Johnny Thunderbird

The History of Johnny Thunderbird

St. John's unveils Johnny Thunderbird to the world.

A week-long St. John’s student vote to name the new Red Storm Thunderbird mascot resulted in what is now a triple-reference to the University’s storied athletics program. The avian character, who has been touring the University’s New York City campuses and has appeared at several athletic events since first arriving on the scene on Sept. 19, has been officially named “Johnny the Thunderbird,” paying tribute to three eras of what is more than a century-old athletics tradition.

The student-chosen name “Johnny” is, in fact, a reference to the first days of St. John’s athletics. At the turn of the century during the early years of intercollegiate competition, St. John’s teams were actually known as the “Johnnies.” It wasn’t until the 1920s that “Redmen” was first used and that came about when a reporter used the term after the football team took the field clad in totally red uniforms.

Moving into the next era, and according to several written sources and many an old tale, a group of St. John’s students led by Walter Bruce (Class of 1939) and Michael McNichols (Class of 1931) went out and found the original Redman mascot standing in front of a cigar store. “Chief Blackjack” made his first public appearance in his new position at the St. John’s-Catholic University football game at Ebbets Field. When the underdog Redmen went on to a 22-0 victory, there was no turning back. Bruce later admitted that he and others returned and paid for the pilfered mascot.

This is where the “Thunderbird” dual-reference comes into play. Paying tribute to the “Redmen” nickname and mixing in the “Red Storm” concept as well, the Thunderbird was defined as follows during the original fan voting: “A mythological spirit of thunder and lightning believed by some Native Americans to take the shape of a great bird. Boasting feathers as long as a canoe, the legendary thunderbird can generate lightning, thunder and great winds by flapping its wings and blinking its eyes.”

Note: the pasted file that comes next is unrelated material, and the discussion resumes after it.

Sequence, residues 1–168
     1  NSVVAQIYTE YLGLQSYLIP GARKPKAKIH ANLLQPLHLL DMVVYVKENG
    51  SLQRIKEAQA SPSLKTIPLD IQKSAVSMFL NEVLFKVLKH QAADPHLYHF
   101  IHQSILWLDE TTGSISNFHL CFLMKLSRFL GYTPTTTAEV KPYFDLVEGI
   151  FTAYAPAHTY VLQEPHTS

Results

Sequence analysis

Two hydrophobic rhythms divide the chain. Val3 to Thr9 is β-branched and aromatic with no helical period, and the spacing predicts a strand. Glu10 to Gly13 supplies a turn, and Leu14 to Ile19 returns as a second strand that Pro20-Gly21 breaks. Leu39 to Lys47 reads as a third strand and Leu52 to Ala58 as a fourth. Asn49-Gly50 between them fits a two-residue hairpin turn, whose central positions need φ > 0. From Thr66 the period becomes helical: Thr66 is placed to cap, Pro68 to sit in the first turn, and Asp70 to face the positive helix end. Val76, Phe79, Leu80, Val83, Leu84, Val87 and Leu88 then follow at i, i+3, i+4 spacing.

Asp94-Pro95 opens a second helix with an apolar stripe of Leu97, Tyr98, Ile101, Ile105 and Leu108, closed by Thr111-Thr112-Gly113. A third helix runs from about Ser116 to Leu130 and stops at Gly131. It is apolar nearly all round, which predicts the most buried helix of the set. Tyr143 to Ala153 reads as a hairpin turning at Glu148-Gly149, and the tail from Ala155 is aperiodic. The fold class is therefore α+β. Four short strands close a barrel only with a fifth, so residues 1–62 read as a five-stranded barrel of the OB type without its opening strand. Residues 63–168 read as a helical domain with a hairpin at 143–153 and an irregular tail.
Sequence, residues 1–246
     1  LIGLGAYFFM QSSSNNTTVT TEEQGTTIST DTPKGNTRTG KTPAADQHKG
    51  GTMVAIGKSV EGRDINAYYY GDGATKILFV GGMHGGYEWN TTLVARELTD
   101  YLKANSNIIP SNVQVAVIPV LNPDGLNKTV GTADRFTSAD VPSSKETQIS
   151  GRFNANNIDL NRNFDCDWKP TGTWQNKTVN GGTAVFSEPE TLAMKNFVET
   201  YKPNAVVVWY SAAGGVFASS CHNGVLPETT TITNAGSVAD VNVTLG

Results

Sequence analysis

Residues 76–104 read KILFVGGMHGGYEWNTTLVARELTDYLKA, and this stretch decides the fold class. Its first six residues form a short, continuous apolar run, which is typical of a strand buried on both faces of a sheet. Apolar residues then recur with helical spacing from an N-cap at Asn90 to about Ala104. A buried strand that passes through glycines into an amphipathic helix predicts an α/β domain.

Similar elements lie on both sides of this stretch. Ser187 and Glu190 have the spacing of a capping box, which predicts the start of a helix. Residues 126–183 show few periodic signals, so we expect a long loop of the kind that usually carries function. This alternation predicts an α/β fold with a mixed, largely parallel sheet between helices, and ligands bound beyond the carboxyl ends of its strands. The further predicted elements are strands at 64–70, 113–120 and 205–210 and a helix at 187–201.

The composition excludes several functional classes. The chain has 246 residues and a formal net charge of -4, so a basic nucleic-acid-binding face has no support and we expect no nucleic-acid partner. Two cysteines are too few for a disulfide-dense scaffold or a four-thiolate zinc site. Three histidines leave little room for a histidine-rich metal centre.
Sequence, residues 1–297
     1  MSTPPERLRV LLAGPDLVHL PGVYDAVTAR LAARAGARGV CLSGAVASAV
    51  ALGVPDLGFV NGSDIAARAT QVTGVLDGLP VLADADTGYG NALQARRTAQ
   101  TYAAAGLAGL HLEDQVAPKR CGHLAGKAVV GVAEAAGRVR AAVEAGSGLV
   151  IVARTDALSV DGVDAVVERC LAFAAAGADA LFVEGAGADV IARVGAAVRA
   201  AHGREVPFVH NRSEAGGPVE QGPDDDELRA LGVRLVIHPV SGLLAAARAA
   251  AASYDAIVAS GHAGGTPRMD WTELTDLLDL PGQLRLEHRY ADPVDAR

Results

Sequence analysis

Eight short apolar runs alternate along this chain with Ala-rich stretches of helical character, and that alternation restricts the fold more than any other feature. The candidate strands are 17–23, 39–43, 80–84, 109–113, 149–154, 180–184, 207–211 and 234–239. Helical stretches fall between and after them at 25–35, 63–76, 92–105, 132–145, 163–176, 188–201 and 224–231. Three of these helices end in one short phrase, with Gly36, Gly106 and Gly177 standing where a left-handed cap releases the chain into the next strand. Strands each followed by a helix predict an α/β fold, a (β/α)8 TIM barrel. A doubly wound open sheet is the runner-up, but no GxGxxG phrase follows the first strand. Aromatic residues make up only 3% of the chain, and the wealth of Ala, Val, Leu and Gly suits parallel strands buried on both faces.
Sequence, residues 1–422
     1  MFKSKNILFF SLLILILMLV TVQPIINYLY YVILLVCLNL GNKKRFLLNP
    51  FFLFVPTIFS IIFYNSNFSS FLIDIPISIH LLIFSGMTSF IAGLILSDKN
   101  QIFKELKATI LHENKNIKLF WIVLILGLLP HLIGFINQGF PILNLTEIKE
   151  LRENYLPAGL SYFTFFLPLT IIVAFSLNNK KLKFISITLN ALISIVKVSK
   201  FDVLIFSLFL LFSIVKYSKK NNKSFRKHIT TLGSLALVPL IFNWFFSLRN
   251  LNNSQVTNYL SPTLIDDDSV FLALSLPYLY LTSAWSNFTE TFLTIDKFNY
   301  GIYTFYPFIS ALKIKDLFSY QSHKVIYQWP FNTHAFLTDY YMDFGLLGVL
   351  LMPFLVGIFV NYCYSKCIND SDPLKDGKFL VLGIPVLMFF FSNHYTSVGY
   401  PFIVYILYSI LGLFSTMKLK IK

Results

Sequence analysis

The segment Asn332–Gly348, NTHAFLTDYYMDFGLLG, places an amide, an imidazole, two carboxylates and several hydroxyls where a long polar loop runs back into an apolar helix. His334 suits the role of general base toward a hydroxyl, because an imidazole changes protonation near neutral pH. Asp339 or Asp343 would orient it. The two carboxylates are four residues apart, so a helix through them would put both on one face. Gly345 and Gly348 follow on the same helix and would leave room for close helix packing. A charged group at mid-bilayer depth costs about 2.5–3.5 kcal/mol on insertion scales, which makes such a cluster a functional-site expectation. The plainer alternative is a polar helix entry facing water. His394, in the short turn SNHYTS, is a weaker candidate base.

The Thunderbird was chosen during a 12-day span between April 23 and May 4, when more than 11,000 votes were cast on RedStormSports.com to decide among the six Red Storm mascot finalists. The Thunderbird mascot was announced two weeks ago, and now, “Johnny the Thunderbird” will be visible at many St. John’s athletic events, as well as on campus and in the greater New York City community.

The St. John’s Thunderbird was created by Olympus Inc., renowned nationally as the mascot costume industry’s premier designer. Olympus has manufactured a wide variety of corporate, entertainment and university mascot costumes. Highly visible mascot costumes, including Ronald McDonald, Tony the Tiger, The University of Wisconsin Badger and The University of Florida Gator have been designed and manufactured using the Olympus design team’s creative expertise.

The decision was made to change the “Redmen” nickname in 1994. At the time, colleges nationwide were becoming more sensitive to mounting Native American concerns in reference to collegiate and professional team nicknames that reference Native American culture. Although the nickname “Redmen” was instituted because the athletes at St. John’s wore red, and did not have an original basis in Native American culture, it did evolve into a nickname that referenced Native American symbology. St. John’s wanted to make a change that would stay true to its tradition, but also be distinctive and unique. Thus, the new nickname Red Storm was born.